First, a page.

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 Wind Ensemble Audition
Author: runner 
Date:   2010-05-24 14:31

I've taught a clarinet student on-an-off for two years. She did not make her school's top band as a 9th grader and is motivated to do whatever it takes to make wind ensemble (one of the best in Ohio). Tone quality is her main obstacle. She recently bought a new mouthpiece which her mother said makes her sound much better (rounder?).
I am thinking of requiring her to practice a scale regimen similar to what I did in college. For me doing a cycle of all majors , 3 forms of minor and arpeggios (45 minutes worth) made a huge improvement.
Not sure if I can convince her to do a similar routine (abbreviated) that would take 10-15 minutes each day would work? What do you think. Plus what solos would fatten up her tone?

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 Re: Wind Ensemble Audition
Author: Bob Phillips 
Date:   2010-05-24 14:56

If she can hear effectively, playing with a better sounding clarinetist (duos), and recording the work (and having the patience to listen to the recordings) could go a long way to motivating her. Also, it would give her a model for her own sound.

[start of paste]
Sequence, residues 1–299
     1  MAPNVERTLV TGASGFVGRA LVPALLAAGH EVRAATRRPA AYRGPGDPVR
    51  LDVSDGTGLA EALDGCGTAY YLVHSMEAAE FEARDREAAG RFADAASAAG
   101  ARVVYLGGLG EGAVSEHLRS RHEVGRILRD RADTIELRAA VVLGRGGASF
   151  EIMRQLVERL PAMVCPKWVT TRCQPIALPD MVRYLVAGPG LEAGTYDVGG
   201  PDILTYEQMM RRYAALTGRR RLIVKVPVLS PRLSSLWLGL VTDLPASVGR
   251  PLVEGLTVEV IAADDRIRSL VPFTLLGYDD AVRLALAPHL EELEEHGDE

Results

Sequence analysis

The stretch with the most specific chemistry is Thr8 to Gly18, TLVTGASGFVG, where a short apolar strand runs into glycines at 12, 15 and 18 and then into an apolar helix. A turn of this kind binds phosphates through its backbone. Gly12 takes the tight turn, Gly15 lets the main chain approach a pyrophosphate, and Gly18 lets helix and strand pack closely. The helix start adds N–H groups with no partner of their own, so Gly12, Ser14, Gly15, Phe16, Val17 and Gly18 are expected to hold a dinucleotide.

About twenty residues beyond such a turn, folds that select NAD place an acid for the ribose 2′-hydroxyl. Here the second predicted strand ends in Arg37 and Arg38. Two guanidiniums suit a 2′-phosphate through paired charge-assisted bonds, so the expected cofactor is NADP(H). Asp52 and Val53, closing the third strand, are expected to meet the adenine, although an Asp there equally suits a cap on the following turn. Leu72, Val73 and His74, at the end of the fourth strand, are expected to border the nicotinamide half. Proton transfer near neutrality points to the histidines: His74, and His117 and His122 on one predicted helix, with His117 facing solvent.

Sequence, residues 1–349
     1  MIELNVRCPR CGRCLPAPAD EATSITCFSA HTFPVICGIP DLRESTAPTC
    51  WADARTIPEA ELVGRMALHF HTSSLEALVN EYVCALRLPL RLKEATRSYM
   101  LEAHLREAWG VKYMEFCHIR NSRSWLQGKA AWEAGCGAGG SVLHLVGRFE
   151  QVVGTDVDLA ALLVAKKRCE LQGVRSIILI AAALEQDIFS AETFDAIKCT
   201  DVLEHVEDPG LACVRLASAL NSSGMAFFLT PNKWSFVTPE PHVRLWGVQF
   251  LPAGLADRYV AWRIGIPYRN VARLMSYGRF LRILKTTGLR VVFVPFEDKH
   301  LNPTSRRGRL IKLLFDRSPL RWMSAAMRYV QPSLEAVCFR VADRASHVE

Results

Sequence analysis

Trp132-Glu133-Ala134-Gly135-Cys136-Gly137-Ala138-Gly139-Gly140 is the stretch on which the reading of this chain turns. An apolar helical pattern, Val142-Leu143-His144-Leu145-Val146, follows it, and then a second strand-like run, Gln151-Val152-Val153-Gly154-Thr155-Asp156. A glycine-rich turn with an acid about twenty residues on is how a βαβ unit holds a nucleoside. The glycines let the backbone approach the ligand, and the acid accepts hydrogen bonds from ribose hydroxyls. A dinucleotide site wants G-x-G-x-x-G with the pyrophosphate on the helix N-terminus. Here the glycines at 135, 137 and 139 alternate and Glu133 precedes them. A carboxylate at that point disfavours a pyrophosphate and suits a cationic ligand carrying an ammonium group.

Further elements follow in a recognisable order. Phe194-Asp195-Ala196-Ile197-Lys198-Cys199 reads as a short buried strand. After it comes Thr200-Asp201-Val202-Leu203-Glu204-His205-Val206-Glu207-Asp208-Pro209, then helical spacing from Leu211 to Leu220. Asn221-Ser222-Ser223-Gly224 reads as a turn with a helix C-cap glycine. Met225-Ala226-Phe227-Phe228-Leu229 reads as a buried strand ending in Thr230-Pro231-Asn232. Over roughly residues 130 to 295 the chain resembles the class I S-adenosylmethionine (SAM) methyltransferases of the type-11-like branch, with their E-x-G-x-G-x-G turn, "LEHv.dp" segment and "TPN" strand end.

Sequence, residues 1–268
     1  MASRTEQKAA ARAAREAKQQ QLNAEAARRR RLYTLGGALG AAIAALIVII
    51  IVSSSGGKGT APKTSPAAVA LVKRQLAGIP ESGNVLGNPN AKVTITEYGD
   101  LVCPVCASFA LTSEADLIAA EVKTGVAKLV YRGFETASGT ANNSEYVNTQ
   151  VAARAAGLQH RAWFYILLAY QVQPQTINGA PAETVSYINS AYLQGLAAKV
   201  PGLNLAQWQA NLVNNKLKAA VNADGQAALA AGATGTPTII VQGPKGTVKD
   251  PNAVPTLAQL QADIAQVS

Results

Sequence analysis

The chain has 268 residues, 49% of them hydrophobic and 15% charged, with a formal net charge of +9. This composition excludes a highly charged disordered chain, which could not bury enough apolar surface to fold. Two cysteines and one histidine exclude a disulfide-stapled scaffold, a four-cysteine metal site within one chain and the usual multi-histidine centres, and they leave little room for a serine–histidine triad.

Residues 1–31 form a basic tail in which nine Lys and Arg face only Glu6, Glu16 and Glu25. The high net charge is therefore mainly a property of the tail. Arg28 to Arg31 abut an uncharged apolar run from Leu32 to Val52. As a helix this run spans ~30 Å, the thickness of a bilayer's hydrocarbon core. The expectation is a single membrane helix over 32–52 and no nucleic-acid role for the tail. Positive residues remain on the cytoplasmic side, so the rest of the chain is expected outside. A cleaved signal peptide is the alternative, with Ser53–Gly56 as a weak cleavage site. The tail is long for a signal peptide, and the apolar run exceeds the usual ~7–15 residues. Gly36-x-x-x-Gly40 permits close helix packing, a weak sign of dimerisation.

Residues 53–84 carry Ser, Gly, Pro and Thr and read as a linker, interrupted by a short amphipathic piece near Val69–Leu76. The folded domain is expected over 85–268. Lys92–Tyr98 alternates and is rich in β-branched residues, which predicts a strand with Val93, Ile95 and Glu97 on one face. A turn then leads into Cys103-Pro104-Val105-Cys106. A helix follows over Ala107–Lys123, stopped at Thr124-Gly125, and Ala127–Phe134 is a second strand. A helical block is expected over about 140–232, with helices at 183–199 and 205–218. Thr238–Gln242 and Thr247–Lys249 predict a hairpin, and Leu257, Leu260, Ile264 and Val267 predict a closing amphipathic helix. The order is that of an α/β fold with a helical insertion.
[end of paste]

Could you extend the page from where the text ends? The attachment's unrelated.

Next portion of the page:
I'm looking forward to hearing how one teaches tone quality.

Bob Phillips

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 Re: Wind Ensemble Audition
Author: JJAlbrecht 
Date:   2010-05-24 15:14

Scale work will improve her technical proficiancy, but do little for tone production. Have you worked with her on long tones and voicing?


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 Re: Wind Ensemble Audition
Author: Ed Palanker 
Date:   2010-05-24 15:19

If you're looking for a 10-15 minute scale - chord regiment I might suggest using the Albert Scale exercises. You can choose several for her to use and perhaps even memorize.